Color, 1983, 85m.
Directed by Jess Franco
Starring Manuel Gélin, France Jordan, Eric Viellard, Henry Lambert
Kino Lorber / Redemption (Blu-Ray & DVD) (US RA/R1 HD/NTSC), Arrow (DVD) (UK R0 PAL0, Image (US R1 NTSC) / WS (1.66:1) (16:9), Divisa (Spain R2 PAL)
As most Jess Franco fans know, his work took a defiantly weird turn in the 1970s and never really turned back around. His combinations of outrageous gore and explicit sex on the tiniest of budgets are a far cry from the comparatively lavish (if equally idiosyncratic) films of the Harry Allan Towers era, but those willing to persist with the director's odd flights of fancy can find many odd bits of gold while panning through his hundreds of films. While Oasis of the Zombies is basically a work-for-hire assignment filled with an outrageous amount of padding, it does offer a revealing glimpse of the manner in which Spain's most troublesome cinematic talent approaches what should have been a regular genre film.
A pair of nymphets strolling hand in hand through a jungle (while showing off their early '80s short shorts, of course) passes by a hidden Nazi crate filled with gold. Unfortunately their idyllic afternoon is shattered when a pair of rotting hands burst from the earth, presumably dragging both of them to a slow, horrific death. The source of this mysterious, guarded gold is soon revealed when young student Robert (Gélin) is summoned to the African desert following the death of his father. Along with some airhead friends, Robert goes through the effects of the deceased and uncovers a strange story (told in very long flashback) involving millions in Nazi gold buried in the sand, protected by hordes of undead soldiers from the Third Reich, and Robert's late mother, a sheik's daughter who died during childbirth. Robert decides to fulfill his father's quest and sets out to find this hazardous oasis, with a gang of fellow explorers in tow. Naturally the zombies are none too pleased when the infidels arrive.
Still relatively unexplored at the time with only a few precursors like The Frozen Dead and Shock Waves, the Nazi zombie gimmick was evidently a popular one with the low-budget French company Eurociné, who also used it in the more skin heavy Zombie Lake. In fact, Franco's original assignment to direct that film fell through, resulting in his helming of this one instead. The film was shot in both French and Spanish versions, though the former (usually dubbed in English) has been the easiest to find on video around the globe. International viewers have seen this under a wide variety of titles like Treasure of the Living Dead, Bloodsucking Nazi Zombies, Grave of the Living Dead, and Oasis of the Living Dead; the last of these was the version used for Wizard's out of print VHS edition. Likewise, cuts of this film have ranged wildly in content and running time, with one particularly guilty offender dropping all of the zombie footage! The finale is the real reason to wade through the slow stuff, as an army of zombies marches over the dunes through an oil fire at dusk and rips the encampment apart. Sure, the make up is still the same old half hearted latex and cereal mixture found in most '80s walking dead films (Lucio Fulci excepted, naturally), but there's a certain eerie power to Franco's gritty, gory visuals during this climax.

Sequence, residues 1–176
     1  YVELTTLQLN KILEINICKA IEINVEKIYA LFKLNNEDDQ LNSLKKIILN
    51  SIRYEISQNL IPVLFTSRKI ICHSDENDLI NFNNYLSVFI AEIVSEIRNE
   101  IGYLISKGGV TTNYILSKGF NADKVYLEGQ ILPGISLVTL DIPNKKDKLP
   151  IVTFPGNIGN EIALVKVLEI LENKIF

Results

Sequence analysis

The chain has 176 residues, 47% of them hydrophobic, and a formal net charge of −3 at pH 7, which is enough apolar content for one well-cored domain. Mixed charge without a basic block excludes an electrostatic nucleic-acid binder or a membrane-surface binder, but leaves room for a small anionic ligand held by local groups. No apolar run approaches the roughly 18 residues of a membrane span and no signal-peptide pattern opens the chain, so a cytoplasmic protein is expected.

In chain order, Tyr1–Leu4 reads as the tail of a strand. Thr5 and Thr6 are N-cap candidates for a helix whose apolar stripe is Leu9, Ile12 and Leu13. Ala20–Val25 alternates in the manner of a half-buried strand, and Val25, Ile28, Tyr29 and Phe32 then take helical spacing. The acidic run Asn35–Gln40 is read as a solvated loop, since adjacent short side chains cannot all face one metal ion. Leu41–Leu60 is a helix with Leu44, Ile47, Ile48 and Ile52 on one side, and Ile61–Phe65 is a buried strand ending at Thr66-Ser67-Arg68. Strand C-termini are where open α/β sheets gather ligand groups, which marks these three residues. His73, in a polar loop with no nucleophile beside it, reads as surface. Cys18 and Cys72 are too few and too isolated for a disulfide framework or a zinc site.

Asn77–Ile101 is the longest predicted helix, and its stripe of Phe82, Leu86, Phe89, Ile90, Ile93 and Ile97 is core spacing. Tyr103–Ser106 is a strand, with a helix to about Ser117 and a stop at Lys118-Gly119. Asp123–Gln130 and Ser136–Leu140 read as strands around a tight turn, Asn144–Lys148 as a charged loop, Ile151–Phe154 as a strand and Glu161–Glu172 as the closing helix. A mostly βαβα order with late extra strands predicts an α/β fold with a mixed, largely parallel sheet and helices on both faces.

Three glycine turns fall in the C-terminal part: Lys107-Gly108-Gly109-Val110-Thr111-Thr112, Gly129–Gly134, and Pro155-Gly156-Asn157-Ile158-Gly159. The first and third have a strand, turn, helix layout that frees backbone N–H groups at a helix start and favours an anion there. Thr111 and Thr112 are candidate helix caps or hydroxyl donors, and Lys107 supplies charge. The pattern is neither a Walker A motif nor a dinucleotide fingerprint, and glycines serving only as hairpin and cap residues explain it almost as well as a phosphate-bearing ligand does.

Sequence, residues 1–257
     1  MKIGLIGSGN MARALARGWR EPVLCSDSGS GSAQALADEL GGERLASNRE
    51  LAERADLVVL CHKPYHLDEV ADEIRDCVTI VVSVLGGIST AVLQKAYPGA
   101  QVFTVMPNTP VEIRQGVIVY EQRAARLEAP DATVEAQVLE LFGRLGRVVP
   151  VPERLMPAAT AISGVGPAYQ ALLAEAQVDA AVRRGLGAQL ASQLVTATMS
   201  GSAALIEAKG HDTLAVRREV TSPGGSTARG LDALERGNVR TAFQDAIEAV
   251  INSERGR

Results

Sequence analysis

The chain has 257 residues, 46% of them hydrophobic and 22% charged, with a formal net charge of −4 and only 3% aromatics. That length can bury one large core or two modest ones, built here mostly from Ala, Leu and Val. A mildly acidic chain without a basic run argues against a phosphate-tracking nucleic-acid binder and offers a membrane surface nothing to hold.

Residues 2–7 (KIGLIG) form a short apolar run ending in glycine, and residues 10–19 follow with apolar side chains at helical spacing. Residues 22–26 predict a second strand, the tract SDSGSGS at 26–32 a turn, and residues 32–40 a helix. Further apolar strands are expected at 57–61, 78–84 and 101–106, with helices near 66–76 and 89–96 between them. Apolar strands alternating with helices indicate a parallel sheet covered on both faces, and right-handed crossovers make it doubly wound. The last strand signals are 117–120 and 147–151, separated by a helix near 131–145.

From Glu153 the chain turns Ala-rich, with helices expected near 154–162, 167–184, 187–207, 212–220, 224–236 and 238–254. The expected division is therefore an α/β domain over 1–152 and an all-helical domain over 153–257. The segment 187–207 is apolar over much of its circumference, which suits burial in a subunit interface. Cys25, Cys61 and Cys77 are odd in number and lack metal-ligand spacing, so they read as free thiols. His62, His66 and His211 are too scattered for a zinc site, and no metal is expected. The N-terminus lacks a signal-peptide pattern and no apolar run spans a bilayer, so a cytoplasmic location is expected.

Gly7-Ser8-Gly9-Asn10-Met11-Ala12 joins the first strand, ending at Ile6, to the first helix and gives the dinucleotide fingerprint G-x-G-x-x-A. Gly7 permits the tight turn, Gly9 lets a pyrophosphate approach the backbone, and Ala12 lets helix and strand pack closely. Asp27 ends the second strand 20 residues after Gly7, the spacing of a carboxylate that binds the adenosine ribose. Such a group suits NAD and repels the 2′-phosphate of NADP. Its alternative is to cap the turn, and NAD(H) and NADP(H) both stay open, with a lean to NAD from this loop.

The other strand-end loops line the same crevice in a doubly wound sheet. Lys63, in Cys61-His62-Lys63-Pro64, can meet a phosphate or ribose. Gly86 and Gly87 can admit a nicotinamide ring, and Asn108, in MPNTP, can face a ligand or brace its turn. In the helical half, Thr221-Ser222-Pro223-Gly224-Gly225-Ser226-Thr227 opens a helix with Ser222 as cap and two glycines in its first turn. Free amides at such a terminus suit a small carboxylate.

In one of the weirder twists in Franco's '80s period, the aforementioned Spanish version actually has completely different actors for two minor roles (Lina Romay and Eduardo Fajardo), another music score, and a few other odd divergences; you can read an interesting breakdown of the two cuts here. Since both were prepared simultaneously and compare exclusive footage to each, it's tough to call which one is more desirable; apparently Franco went a bit rogue and shot those alternate snippets on the side to assemble a different version for his native country, a truly odd situation.
The "official" Eurociné cut of the film first appeared on DVD from Image in 2001, looking pretty good; the colors are solid, and the letterboxing makes the film far less claustrophobic than the Wizard tape, which was an unwatchable eyesore. Some rough splices and scratches show up here and there, but that seems to be par for the course with pretty much every one of the studio's films. The English and French audio tracks are included in glorious mono but without subtitle options. The back of the box indicates an alternate English opening credit sequence, but this is the one actually included within the print.
Of course, the eventual move to Blu-Ray means this takes a substantial leap up in quality; all of the main footage for the film looks fantastic, while the occasional stock footage inserts (including a disorienting battle sequence) looks about as ratty as it always has. The Blu-Ray contains the export version with both English and French PCM mono audio options, plus optional English subtitles; the French cut is definitely easier to take, so newcomers might want to start with that unless hilariously atrocious English dubbing is the theme of your movie night. The disc rounds out with trailers for the main feature along with Zombie Lake, Female Vampire, and Exorcism.